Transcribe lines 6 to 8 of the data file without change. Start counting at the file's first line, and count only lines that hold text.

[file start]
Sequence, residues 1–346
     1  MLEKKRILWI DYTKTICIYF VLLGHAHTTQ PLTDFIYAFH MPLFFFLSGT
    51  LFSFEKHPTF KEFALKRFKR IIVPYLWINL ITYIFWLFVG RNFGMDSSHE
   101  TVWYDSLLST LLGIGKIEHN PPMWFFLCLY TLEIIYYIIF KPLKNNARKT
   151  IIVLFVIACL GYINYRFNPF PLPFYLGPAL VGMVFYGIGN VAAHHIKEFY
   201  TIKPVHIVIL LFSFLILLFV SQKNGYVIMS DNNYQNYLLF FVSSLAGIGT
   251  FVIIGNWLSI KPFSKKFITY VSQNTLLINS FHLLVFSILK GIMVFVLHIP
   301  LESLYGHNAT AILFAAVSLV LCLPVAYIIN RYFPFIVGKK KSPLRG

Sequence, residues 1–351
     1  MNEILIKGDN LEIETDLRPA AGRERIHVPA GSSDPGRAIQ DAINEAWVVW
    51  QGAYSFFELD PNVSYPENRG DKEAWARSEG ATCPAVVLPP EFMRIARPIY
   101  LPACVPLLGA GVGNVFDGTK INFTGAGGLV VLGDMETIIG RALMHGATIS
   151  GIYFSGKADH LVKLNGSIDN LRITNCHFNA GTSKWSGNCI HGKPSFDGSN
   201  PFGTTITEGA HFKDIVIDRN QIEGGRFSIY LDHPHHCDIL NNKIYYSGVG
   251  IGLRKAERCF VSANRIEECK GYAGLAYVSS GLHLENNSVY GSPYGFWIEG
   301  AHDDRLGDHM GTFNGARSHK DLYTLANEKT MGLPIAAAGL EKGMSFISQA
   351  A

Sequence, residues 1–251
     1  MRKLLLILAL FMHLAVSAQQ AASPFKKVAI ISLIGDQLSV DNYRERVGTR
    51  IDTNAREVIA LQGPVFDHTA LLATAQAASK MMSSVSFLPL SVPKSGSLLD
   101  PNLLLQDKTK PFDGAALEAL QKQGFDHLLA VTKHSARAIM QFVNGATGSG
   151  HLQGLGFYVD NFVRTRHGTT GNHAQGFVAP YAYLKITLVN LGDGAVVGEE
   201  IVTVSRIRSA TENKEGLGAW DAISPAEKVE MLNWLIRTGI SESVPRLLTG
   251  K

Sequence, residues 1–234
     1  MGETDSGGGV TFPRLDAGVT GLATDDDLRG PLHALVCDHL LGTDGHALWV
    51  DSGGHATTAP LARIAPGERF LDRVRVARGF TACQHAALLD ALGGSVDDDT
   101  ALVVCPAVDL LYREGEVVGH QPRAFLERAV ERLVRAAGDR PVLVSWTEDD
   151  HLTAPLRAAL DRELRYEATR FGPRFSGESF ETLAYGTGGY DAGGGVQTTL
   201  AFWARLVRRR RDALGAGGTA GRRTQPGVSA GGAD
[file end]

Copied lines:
   201  TIKPVHIVIL LFSFLILLFV SQKNGYVIMS DNNYQNYLLF FVSSLAGIGT
   251  FVIIGNWLSI KPFSKKFITY VSQNTLLINS FHLLVFSILK GIMVFVLHIP
   301  LESLYGHNAT AILFAAVSLV LCLPVAYIIN RYFPFIVGKK KSPLRG